Thursday, February 11, 2010

Sand Mandalas

What is the essence of presence? Perhaps it is having no desire to control. Thus the sand mandala.

Now often demonstrated by the Dalai Lama and groups of Tibetan monks, the ceremony begins with chants, music, prayers, and then pouring millions of grains of sand in bright colors from a metal tube called a chakpu. The finished mandala is about five by five feet in diameter, and takes three to five days to complete.

The creation process concludes with a consecration ceremony, and then... they dismantle the mandala!

For those of us who have become attached to our creations (our life, our image, our successes) this is astonishing, and we have much to learn.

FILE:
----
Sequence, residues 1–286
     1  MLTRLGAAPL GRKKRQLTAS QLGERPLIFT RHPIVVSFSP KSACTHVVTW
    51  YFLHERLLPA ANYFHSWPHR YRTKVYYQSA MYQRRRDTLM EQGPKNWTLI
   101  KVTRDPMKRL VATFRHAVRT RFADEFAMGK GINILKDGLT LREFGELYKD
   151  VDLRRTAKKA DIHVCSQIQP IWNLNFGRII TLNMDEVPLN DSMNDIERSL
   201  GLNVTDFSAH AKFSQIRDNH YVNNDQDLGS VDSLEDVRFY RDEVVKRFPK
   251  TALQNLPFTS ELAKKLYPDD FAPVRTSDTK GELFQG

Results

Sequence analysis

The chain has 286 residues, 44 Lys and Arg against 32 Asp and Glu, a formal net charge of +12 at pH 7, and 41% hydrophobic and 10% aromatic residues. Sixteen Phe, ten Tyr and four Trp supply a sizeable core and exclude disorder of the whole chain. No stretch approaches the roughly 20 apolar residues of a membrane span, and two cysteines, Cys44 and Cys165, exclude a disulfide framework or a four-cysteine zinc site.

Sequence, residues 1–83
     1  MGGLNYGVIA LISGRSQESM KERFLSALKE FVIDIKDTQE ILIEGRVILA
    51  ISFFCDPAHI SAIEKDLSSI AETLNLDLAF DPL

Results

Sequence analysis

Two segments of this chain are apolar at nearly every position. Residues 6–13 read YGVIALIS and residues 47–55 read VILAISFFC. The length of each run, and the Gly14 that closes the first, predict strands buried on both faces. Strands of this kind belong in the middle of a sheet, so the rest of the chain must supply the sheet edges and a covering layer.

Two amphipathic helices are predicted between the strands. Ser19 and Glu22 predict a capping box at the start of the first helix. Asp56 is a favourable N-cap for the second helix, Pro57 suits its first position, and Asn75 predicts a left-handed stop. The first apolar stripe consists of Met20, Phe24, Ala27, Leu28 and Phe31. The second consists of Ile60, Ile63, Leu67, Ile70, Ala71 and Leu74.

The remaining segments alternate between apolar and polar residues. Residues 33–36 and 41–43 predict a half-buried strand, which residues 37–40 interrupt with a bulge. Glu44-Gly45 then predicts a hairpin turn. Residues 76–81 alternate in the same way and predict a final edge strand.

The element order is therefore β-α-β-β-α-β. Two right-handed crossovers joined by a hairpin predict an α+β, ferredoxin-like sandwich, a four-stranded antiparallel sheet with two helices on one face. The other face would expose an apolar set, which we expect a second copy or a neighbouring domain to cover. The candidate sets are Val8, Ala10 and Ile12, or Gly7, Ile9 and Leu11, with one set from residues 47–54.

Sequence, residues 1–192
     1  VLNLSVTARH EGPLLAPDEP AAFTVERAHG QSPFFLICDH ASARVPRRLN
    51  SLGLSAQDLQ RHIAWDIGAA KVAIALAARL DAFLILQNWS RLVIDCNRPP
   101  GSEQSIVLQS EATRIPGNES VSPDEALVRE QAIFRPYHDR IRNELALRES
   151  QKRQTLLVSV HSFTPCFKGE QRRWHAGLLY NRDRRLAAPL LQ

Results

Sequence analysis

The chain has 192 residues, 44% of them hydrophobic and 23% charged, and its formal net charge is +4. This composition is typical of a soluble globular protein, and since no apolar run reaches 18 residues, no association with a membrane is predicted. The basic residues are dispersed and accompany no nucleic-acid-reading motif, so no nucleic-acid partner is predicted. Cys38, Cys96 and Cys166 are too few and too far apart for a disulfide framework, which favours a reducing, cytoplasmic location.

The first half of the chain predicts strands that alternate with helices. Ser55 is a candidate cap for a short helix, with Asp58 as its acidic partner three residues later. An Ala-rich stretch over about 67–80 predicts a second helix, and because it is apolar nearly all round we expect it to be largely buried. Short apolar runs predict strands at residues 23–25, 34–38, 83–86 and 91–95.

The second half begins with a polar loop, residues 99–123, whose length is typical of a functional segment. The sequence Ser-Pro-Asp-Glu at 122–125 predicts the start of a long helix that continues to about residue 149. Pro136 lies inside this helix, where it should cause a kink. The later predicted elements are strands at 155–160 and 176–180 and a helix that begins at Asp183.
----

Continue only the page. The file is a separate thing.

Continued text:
Formed into traditionally prescribed Tibetan iconography that includes geometric shapes and historical Buddhist symbols, the sand mandala is a tool to consecrate and bless the earth and its inhabitants. The dismantling of the mandala symbolizes the impermanence of all existence.